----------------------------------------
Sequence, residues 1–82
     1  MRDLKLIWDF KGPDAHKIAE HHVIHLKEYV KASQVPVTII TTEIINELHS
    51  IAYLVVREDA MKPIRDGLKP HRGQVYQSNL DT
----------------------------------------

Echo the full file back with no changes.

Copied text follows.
Sequence, residues 1–82
     1  MRDLKLIWDF KGPDAHKIAE HHVIHLKEYV KASQVPVTII TTEIINELHS
    51  IAYLVVREDA MKPIRDGLKP HRGQVYQSNL DT